Peru Another skunk, shot in Peru on Nov. 6, tested positive for rabies according to local public health officials.
“The rabid skunk was shot by a resident on the Jabez Allen Road. The latest rabid animal was found about 6 miles north of the Village of Keeseville where several rabid animals were recently confirmed,” Principal Sanitarian at the Clinton County Health Department Rita Mitchell said.
This recent positive brings the total confirmed rabid animals in Clinton County to six for the year. Rabid animals found this year have included: one bat, one raccoon and four other skunks.
Mitchell said it is unclear if there is an increase rate of rabies in the area or if it is because more animals are being tested by the USDA Wildlife Services through their bait and enhanced surveillance. Through this program they are testing more such as road kill.
“Normally these animals wouldn’t be tested unless they had come in contact with a domestic animal or human,” Mitchell said. “Now there is an extra amount of testing and we are looking harder for rabid animals.”
Mark Corara, Supervisory Wildlife Biologist with the USDA Wildlife Services, that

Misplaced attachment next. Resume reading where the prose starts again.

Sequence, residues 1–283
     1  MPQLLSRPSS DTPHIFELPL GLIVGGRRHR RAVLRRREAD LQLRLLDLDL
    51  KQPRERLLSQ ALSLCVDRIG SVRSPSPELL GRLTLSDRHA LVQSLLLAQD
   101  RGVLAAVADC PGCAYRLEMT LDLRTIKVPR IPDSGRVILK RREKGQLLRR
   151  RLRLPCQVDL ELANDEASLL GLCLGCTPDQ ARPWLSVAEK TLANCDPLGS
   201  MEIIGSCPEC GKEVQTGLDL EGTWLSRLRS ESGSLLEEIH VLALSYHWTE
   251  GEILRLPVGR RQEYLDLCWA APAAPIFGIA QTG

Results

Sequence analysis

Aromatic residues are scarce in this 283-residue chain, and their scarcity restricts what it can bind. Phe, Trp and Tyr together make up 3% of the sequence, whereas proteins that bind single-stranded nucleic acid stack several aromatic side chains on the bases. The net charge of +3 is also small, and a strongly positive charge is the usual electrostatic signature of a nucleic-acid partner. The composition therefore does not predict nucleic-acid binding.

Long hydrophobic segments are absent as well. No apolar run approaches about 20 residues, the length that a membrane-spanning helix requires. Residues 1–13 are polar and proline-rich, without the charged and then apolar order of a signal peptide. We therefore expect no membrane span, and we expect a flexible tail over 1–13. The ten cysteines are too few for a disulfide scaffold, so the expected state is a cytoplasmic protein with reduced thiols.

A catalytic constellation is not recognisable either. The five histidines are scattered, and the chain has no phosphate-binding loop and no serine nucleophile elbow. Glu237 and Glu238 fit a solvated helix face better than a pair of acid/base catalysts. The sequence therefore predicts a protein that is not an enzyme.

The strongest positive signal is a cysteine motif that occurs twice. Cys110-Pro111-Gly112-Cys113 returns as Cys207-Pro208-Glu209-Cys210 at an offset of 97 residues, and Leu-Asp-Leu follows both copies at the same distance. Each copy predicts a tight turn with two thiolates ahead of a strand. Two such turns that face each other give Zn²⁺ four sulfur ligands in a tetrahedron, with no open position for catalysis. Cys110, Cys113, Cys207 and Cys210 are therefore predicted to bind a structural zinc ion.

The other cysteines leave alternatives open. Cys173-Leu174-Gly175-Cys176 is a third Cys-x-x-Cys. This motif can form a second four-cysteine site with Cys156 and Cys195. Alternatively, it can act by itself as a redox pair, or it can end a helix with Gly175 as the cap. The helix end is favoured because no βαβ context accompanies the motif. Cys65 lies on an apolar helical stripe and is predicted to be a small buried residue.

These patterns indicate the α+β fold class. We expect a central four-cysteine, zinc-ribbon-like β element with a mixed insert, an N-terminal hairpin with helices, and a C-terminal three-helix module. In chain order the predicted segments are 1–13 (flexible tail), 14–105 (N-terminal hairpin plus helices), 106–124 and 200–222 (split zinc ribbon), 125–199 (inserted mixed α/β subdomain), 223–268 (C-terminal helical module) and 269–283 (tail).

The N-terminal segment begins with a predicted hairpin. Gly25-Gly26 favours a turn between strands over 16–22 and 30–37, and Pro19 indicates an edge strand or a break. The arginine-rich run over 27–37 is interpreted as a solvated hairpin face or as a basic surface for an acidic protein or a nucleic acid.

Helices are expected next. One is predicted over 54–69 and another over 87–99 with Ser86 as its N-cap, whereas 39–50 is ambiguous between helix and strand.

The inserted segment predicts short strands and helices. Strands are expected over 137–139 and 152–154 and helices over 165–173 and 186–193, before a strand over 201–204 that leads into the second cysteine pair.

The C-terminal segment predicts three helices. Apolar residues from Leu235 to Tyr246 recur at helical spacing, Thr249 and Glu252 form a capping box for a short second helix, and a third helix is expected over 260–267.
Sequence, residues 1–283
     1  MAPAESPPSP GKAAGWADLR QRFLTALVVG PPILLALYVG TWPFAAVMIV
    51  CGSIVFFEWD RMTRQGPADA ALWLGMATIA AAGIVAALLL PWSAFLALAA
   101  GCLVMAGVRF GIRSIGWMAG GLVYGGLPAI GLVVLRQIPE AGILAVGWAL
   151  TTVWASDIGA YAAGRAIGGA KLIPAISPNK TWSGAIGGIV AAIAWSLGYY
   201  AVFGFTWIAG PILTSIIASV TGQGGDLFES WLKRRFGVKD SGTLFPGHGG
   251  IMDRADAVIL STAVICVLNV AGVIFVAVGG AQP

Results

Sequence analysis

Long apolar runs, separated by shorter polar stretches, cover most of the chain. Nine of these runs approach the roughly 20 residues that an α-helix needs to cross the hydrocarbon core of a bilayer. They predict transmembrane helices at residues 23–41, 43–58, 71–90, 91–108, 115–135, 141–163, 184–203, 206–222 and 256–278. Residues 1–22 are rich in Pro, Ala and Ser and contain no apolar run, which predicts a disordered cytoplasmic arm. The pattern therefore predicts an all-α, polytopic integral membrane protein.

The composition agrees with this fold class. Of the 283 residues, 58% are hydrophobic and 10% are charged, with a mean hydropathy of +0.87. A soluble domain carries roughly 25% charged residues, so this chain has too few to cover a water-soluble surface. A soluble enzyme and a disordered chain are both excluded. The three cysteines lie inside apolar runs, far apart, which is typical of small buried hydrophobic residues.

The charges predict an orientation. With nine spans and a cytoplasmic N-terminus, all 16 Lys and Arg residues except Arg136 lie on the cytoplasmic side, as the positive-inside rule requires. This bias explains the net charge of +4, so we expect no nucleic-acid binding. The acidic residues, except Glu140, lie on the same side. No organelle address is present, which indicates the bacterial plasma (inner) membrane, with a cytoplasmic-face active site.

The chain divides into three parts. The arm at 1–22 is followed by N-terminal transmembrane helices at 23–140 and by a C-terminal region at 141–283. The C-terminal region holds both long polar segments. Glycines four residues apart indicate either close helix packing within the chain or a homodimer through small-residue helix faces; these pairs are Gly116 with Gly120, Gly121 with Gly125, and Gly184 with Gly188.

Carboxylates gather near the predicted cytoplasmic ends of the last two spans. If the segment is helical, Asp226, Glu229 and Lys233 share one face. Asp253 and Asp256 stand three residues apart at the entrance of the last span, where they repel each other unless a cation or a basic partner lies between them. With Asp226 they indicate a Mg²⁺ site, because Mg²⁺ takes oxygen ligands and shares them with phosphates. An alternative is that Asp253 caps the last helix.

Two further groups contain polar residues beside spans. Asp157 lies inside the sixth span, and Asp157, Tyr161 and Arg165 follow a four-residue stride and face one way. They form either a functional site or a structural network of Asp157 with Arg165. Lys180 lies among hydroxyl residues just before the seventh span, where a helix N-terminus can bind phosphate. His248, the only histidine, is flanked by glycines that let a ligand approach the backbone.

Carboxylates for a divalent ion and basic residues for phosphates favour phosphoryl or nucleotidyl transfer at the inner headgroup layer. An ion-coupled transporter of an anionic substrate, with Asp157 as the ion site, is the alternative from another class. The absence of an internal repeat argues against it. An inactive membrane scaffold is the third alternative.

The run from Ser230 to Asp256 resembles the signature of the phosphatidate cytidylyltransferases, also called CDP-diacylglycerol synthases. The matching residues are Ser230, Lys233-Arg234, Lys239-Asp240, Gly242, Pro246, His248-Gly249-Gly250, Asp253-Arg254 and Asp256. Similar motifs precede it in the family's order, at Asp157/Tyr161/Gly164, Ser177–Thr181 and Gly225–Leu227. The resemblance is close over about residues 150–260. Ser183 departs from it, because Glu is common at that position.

Corara said the amount of vaccine drops throughout the area hasn’t changed. But since the organization started dropping a new form of the vaccine in August, more data collection has been taking place.
Many factors could contribute to the increased amount of rabies-infected animals in the area, including; weather, populations density, and amount of contact infected animals have with other animals.
Rabies is a deadly viral disease that affects the nervous system and is 100 percent fatal once symptoms develop. All mammals, including humans, are susceptible to rabies. Rabies is transmitted from the saliva of an infected animal, usually by a bite.
Signs of rabies in an animal include aggressive behavior, paralysis, lethargy or a wild animal acting unafraid of people.